Generic sleep schedules are a great torture tool for parents! I remember when I fell for it. My daughter was about 3 months old, and I had stumbled upon an incognito sleep trainer who promised results if I just followed her schedule. It worked like a charm for the first two days, and then all hell broke loose. When it stopped working, I had no idea what to do, and the only advice from the sleep trainer was to leave her alone to figure it out. 

I spent the entire day in the dark trying to get her to fall asleep and transfer her to her crib. It was the day everything changed for me. I gave up, held her for the rest of the day and swore to my husband that I would never try to follow advice from anyone else ever again.

It became crystal clear that no one knew my baby and her needs better than I did. I released all external expectations of what my daughter’s sleep should be.  The following months and years were completely different. I followed her cues and my gut, and sleep became so much easier. 

There isn’t a parent out there who hasn’t been tempted by the promise of the perfect sleep schedule. Whether based on age, a magical combo of wake windows, essential oils or sleep environment; the expectations felt by parents following these recommendations can lead to disaster. 

The truth is, just like adults, all babies are different. Do you sleep for the same amount of time as your partner? Probably not. Does your second baby sleep exactly like your first baby? Probably not. Focusing on routine, rhythm and using predictability for your child can be much more beneficial. Here are my favorite tips to create a flexible routine that works for the whole family. 

Rhythm and Routine vs. Schedule

No one can be forced to sleep, this is why trying to force a schedule that doesn’t work for your baby can be so frustrating. Instead note the flow of the day, not the clock. Creating a doable daily routine will require some trial and error. Start with what an ideal morning looks like for you. Spend a week or so noting when your baby starts showing sleepy cues, what activities calms them down and what riles them up.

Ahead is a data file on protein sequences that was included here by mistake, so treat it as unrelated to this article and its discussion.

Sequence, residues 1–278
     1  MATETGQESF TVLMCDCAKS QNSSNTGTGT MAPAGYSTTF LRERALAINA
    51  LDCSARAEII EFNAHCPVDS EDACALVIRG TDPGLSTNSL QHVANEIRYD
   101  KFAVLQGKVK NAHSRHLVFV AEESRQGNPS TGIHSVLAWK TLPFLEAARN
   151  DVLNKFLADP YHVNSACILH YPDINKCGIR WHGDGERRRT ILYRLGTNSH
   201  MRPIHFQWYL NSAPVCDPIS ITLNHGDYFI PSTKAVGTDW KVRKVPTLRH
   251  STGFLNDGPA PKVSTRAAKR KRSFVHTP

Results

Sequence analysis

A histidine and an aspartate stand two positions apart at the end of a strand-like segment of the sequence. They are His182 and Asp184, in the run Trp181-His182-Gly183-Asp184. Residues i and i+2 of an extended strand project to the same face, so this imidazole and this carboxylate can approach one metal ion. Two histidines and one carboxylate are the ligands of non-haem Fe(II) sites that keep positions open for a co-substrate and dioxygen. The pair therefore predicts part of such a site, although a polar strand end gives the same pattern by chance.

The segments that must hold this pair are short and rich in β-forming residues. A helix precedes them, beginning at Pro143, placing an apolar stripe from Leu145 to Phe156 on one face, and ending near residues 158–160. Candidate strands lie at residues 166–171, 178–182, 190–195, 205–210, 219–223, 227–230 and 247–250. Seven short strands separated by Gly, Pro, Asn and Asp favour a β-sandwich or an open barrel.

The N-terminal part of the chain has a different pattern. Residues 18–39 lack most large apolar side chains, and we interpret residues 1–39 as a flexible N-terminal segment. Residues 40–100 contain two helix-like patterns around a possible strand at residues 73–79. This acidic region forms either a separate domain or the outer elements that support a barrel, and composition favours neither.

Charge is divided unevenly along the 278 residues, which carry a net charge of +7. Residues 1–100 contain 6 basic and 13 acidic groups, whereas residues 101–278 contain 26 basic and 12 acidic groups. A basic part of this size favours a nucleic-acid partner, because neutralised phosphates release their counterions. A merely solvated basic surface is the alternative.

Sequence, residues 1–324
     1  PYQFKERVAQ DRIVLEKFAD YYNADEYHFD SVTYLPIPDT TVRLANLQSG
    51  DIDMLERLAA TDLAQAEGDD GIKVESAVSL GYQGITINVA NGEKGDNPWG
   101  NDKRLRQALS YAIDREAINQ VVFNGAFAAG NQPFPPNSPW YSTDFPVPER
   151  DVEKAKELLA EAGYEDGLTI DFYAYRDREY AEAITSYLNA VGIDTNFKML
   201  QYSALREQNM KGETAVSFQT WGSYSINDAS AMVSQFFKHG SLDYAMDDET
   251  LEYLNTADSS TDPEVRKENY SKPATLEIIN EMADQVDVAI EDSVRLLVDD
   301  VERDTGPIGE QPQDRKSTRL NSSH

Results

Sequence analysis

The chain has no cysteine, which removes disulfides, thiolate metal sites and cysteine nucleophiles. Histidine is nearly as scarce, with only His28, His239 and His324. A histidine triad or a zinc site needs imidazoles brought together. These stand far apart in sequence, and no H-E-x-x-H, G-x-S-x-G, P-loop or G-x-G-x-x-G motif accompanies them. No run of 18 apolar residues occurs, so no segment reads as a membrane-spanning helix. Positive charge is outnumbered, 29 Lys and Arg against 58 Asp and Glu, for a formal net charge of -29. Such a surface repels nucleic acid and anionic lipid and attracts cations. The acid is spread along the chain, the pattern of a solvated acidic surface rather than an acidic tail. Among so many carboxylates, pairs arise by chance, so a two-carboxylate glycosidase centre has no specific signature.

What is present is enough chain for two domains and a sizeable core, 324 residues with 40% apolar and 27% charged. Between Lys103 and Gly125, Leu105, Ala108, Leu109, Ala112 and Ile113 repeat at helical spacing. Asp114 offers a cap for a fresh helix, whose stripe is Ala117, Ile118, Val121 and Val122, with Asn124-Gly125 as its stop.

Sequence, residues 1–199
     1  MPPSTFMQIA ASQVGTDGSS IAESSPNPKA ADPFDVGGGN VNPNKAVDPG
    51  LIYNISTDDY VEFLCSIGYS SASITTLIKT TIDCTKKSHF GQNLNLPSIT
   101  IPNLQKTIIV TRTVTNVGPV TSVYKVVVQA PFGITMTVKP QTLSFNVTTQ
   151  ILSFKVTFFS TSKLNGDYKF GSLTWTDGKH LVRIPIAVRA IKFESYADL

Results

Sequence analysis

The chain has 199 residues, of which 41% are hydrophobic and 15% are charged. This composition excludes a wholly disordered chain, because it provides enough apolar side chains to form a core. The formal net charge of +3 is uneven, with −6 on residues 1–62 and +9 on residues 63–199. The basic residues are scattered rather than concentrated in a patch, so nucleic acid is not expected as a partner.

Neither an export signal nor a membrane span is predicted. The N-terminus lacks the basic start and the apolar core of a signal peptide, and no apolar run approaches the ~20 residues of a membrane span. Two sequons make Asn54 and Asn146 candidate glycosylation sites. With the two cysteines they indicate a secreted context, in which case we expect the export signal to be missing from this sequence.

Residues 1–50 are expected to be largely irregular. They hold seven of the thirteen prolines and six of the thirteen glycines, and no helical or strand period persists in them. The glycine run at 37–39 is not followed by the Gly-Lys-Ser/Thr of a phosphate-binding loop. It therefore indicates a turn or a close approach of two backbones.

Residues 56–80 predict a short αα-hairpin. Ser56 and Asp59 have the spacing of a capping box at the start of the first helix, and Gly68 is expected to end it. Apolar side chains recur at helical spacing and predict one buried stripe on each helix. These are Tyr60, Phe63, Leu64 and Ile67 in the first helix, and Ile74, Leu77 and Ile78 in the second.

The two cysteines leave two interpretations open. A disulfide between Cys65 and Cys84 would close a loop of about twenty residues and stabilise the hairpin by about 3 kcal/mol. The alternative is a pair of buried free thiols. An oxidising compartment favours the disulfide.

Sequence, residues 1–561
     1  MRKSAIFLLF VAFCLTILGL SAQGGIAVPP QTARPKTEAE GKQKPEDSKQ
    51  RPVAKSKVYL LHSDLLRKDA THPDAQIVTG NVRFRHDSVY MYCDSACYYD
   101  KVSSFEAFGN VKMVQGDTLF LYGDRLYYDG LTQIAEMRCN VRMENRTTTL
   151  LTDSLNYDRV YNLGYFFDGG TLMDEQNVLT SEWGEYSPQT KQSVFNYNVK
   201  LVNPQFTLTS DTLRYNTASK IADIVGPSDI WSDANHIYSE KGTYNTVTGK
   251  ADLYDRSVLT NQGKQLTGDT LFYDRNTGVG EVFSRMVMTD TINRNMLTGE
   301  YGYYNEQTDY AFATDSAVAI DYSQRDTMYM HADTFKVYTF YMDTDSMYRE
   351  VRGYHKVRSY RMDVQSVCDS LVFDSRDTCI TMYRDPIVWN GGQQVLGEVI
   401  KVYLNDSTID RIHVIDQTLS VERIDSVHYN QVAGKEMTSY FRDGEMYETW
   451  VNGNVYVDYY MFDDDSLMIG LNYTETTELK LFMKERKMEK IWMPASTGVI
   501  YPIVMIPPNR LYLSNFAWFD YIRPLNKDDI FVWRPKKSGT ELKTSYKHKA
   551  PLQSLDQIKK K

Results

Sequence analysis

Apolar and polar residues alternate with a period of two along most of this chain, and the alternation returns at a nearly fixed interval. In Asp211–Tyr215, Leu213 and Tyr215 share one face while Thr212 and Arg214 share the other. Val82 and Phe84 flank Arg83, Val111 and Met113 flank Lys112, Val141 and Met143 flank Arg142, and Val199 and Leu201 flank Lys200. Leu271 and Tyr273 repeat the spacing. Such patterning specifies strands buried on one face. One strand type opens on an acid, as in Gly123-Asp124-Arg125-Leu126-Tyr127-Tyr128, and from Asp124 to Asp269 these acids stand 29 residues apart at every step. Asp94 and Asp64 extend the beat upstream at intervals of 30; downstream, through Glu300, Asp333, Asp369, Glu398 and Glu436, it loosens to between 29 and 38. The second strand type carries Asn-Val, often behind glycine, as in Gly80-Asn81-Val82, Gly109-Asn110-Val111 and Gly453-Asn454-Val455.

By releasing attachment to the goal of a certain sleep schedule, parents can focus on connecting with their child, and co-regulating a stress free environment for sleep. When a parent spends 45 minutes trying to rock a baby to sleep who isn’t ready to go to sleep, this will likely cause a lot of frustration for the parent. In turn, the child cannot surrender to the vulnerability of sleep when their caregiver is transmitting stress via the interbrain (we are constantly connected to those around us via the interbrain). Your child relies heavily on the interbrain to fill in the gaps of their immature, underdeveloped brain. 

Creating the environment for babies to feed and sleep according to their unique needs allows them to stay in touch with their bodies and cues. As they get older, this connection to self will serve them in every aspect of life.

“…what is happening in the first year of life is that the baby is starting to form patterns. This is what our brains are designed to do. Our brains are designed to form patterns around us, and we’re really good at finding them…When it (the brain) sees a pattern, the baby can anticipate what’s about to happen. Why is this so important? Because what it does is dramatically reduce stress. If a baby knows what’s about to happen, the baby won’t be scared or startled… If the baby has no idea what’s about to happen, then what we find is heightened stress reactivity.” 

-Dr. Stuart Shanker

But What About Brain Development?